Hyperinflammation, Poor Outcomes Observed Among COVID-19 Patients with Rheumatic Disease

Armand Butera

Boston investigators observe increased kidney injury and risk of ventilation among infected immunocompromised patients.

A recent study out of Boston found that patients with COVID-19 and systemic rheumatic disease had an increased risk of hyperinflammation and kidney injury, as well as a greater likelihood of extended intensive care treatment for their infection.

The study, headed by Tiffany Y-T Hsu, MD, of Brigham & Women’s Hospital and Harvard Medical School, was conducted in an attempt to find a link between hyperinflammation in patients and the severity of their reactions to COVID-19. It is also considered to be the first known study to focus on the post-hospital discharge outcomes of patients with rheumatic diseases.

The study involved 57 patients with systemic rheumatic disease (60% of whom had an active disease) and 232 matched comparators, all of whom were admitted into hospitals in the Boston area between January 30 and July 7, 2020.

Hsu et al chose the 1:5 trial population ratio “because we expected some comparator participants to be excluded for not meeting the study eligibility requirements after initial matching, and we required each case to have at least 3 comparators to optimize power.”

Women made up a majority of patients with a rheumatic disease (67%) while a majority of comparator patients were male (68%). Age, gender and various electronic medical records of all patients were considered for the study.

The study found no sizable difference between the 2 groups regarding in-hospital mortality rates. Additionally, rates of discharge to nursing facilities, rehospitalization and post-discharge mortality also remained about the same for both groups, though Hsu et all admitted the sample was small.

However, an increase in intensive care as well as a reliance on mechanical ventilation was noted for patients with a rheumatic disease. These cases of additional treatment were linked to the propensity of hyperinflammation in immunocompromised patients. Kidney injuries were also recorded among such patients.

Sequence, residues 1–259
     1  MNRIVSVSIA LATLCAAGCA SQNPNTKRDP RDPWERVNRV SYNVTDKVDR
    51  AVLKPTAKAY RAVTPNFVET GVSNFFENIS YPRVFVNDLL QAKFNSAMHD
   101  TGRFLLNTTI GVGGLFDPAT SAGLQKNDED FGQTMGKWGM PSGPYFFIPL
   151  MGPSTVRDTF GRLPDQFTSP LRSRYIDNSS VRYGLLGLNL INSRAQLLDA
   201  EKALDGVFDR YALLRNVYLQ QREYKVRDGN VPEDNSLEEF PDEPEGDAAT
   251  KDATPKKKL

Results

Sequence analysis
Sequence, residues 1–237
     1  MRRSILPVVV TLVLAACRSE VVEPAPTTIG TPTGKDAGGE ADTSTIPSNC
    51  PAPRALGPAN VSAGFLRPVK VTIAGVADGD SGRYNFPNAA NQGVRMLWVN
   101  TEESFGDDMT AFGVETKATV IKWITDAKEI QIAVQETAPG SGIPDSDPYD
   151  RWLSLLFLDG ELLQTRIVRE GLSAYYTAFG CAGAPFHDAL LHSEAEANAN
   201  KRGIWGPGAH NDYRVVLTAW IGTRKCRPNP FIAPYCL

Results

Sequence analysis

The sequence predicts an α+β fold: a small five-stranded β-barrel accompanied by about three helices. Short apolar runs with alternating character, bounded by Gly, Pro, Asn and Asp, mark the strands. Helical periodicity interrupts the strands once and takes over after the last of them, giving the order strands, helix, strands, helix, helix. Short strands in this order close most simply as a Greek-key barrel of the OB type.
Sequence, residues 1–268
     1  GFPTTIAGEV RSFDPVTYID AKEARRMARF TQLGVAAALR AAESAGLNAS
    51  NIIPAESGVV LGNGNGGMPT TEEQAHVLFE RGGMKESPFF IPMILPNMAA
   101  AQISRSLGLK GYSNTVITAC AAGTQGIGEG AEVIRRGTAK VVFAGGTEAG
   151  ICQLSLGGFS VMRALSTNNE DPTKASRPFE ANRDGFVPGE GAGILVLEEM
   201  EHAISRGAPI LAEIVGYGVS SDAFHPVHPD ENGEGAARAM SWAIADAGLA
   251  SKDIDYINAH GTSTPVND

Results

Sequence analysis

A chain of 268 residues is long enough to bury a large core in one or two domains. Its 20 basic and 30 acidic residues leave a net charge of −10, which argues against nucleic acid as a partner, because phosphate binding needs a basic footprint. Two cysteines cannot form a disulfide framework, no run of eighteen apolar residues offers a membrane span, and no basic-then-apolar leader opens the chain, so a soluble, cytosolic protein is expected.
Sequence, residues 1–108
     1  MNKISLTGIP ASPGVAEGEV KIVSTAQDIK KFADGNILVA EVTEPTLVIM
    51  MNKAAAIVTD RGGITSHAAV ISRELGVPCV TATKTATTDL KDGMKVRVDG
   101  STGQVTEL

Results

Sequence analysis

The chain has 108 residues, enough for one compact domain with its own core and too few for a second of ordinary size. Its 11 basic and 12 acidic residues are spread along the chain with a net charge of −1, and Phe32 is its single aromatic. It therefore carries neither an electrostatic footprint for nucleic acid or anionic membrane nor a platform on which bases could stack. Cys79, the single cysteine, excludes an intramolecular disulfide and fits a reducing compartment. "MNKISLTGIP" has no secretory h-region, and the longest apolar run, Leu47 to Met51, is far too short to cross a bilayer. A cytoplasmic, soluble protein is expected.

The investigators’ findings joined an ever-growing amount of research pertaining to the relationship between rheumatic diseases and severe COVID-19 reactions. The study referenced 2 additional findings from Sweden and China with results that both differed and at times supported the ones found in their study.

The Swedish study found a 19% increase in mortality among patients with rheumatic diseases, while the study that took place in Wuhan, China suggested that mechanical ventilation was 3 times as likely for rheumatic patients post-infection.

While the Boston study did not find an increase in mortality rates for immunocompromised patients, it did detail the need for mechanical ventilation for patients with rheumatic disease.

While the discharge and mortality rates among patients with systemic rheumatic disease are reassuring, as they do not differ greatly from the comparative group, the non-lethal reactions from contracting the virus do raise concerns. The studies conducted in Boston, Sweden and China support the notion of increased severe COVID-19 likelihood among immunocompromised patients, with further study recommended in order to uncover the lasting effects of the virus on patients with rheumatic diseases.

The study, “Laboratory trends, hyperinflammation, and clinical outcomes for patients with a systemic rheumatic disease admitted to hospital for COVID-19: a retrospective, comparative cohort study,” was published online in The Lancet Rheumatology.